Zim Rights Record Hits New Low With Trial Of Mugabe’s Lieutenants Over Violation Of Minors’ Rights
By Professor Matodzi
Harare, July 01, 2015 – Zimbabwe’s precarious human rights record sunk to a new low on Tuesday after two juveniles sued two of President Robert Mugabe’s lieutenants for $6 000 for damages suffered from an unprecedented violation of their rights.
The Zimbabwe Lawyers for Human Rights (ZLHR) on Tuesday disclosed that Home Affairs Minister Kembo Mohadi, Police Commissioner-General Augustine Chihuri and the Officer In charge of Triangle Police Station had been dragged to court by two juveniles Precious Mapanzure aged one year-old and 10 year-old Prince Chikore to stand trial for the violation of several of their rights which were trampled upon when the top government officials’ subordinates unleashed a wave of terror at Chingwizi Transit Camp in Masvingo province in August last year.
In August last year villagers fought running battles with some police officers who tried to forcibly evict them from the Chingwizi holding camp to Nuanetsi Ranch in Masvingo province. The police arrested and detained about 30 villagers whom they charged with committing public violence in contravention of Section 36 of the Criminal Law (Codification and Reform) Act after they accused them of masterminding the assault of law enforcement agents and burnt police vehicles and rifles.
But Prince and Precious have placed the spotlight on the country’s human rights record after they filed summons at Chiredzi Magistrates Court demanding payment of damages amounting to $3 000 each for the violation of their rights.
Prince, who is represented by her guardian Zulu Jinya is demanding payment of $3 000 from Mohadi, Chihuri and the Officer In Charge of Triangle Police Station whom the juvenile accuses of authorising the deployment of some police officers, who set dogs on him when they indiscriminately arrested and severely assaulted some Chingwizi Internally Displaced Persons (IDPs) in August 2014.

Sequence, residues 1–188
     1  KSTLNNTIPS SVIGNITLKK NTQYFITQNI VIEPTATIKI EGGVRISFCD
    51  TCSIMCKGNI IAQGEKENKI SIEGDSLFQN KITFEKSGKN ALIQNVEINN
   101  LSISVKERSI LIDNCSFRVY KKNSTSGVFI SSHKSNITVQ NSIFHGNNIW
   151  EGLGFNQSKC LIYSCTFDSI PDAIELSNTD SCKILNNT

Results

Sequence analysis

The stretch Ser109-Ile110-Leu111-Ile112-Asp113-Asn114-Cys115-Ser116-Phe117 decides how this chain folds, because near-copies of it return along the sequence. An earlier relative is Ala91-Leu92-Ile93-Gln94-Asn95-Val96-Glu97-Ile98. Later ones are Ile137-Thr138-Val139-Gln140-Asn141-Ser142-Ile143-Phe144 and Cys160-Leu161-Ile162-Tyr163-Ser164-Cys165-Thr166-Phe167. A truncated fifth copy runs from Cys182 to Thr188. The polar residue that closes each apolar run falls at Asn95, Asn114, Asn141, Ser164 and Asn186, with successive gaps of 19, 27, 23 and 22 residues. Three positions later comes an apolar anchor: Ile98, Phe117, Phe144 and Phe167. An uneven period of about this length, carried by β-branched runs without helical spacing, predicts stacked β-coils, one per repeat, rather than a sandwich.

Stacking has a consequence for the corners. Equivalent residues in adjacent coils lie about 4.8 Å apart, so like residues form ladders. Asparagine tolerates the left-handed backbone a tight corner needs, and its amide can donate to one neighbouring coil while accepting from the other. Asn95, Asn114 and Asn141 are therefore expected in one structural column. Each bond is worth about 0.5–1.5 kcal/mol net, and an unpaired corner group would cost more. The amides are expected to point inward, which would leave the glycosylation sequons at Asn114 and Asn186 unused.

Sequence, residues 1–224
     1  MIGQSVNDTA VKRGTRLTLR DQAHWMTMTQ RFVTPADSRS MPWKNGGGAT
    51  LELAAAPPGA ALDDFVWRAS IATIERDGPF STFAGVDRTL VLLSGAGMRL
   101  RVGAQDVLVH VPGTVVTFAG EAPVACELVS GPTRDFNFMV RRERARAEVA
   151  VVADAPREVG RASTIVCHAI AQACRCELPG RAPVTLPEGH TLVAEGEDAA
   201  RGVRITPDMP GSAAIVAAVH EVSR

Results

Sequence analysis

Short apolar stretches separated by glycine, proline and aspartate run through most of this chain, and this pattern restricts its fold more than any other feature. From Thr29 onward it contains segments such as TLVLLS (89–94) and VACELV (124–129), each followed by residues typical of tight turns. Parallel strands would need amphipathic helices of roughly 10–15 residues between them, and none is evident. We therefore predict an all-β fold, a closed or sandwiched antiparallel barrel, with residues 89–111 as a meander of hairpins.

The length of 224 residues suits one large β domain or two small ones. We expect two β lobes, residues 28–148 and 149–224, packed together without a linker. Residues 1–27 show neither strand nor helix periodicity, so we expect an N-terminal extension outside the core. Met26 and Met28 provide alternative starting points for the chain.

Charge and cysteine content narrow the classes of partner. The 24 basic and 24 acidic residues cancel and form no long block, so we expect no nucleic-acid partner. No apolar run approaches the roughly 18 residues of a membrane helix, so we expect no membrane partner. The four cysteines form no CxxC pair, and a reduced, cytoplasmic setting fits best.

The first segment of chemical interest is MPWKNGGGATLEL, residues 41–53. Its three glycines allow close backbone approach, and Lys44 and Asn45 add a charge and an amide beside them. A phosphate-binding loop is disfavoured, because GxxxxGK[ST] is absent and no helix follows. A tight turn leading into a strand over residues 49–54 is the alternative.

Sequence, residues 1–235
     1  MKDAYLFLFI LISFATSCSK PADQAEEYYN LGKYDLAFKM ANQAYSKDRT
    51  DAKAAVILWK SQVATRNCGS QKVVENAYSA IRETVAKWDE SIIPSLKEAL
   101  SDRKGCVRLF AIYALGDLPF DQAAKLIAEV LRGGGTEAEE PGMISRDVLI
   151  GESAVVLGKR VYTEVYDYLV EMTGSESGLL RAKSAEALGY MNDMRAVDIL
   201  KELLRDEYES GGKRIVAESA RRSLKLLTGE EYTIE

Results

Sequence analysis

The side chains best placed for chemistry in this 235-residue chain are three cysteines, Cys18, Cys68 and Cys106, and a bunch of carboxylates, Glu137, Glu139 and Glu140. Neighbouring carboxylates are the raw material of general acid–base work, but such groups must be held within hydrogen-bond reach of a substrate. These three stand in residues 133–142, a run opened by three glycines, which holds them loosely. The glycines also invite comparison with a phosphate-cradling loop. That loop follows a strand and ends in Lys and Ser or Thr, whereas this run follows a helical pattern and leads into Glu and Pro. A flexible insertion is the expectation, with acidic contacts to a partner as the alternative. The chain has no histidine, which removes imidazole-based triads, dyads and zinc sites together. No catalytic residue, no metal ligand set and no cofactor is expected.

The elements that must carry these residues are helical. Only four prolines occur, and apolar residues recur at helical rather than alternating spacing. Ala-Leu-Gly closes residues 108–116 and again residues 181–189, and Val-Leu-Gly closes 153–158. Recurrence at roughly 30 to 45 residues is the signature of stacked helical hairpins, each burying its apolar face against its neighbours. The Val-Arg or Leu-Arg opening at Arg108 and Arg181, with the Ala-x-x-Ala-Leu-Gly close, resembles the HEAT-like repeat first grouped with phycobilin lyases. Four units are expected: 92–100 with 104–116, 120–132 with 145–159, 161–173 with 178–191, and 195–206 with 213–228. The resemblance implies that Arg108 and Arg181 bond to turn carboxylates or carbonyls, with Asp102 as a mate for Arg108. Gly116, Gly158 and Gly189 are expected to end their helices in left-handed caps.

On Tuesday, the Chiredzi Magistrates Court heard that police officers who launched an indiscriminate blitz on Chingwizi Transit Camp violated Prince’s constitutionally guaranteed rights of freedom from torture or cruel, inhuman or degrading treatment or punishment when they set dogs on him resulting in him sustaining some injuries of which he had to travel to Harare to receive medical treatment. The police officers also forced Prince to “mourn” over the burnt shell of a police vehicle.
Prince charged that he suffered damages amounting to $3 000 as a result of the violation of his fundamental rights. The juvenile’s uncle, Zulu Jinya is also suing for unlawful arrest, illegal detention and assault.
In another summons filed by the juveniles’ lawyers Blessing Nyamaropa and Peggy Tavagadza of ZLHR, Precious, through her 40 year-old mother Ellen Muteiwa, is also suing Mohadi, Chihuri and the Officer In Charge of Triangle Police Station for $3 000 for deprivation of her fundamental rights. According to summons filed at Chiredzi Magistrates Court, Precious is demanding payment of $3 000 as damages for the violation of her right to health care as enshrined in section 76 of the Constitution and her right to food and water as guaranteed in section 77 of the Constitution which she was denied at the time when police officers arrested and detained her mother. Precious developed thrush, a fungal infection and diaper rash after she spent 48 hours while wearing wet diapers as her mother was denied access to a mobile phone to request for the supply of diapers from home. Precious was also denied an opportunity to breast feed while she was in police custody together with her mother.
Prince and Precious are part of 34 IDPs who have sued Chihuri and Mohadi for violation of their rights during the dragnet arrest of villagers last year.
The arrest of the villagers last August attracted local, regional and international condemnation including from ZLHR which has over the years defended poorer members of society who would otherwise not afford legal representation in the absence of meaningful legal aid schemes in the southern African country after it was revealed in court that the IDPs had been subjected to torture and other cruel, degrading and other inhuman treatment by the police who detained them while other villagers were detained with their children.
Mugabe’s governing Zanu(PF) party has for several years been accused by local human rights groups and western governments of rigging elections and assaulting, torturing and abducting political opponents in a bid to keep public discontent in check in the face of a worsening economic crisis.
But Mugabe’s administration often dismisses such criticism as part of a western-orchestrated attempt to tarnish the image of the troubled southern African nation.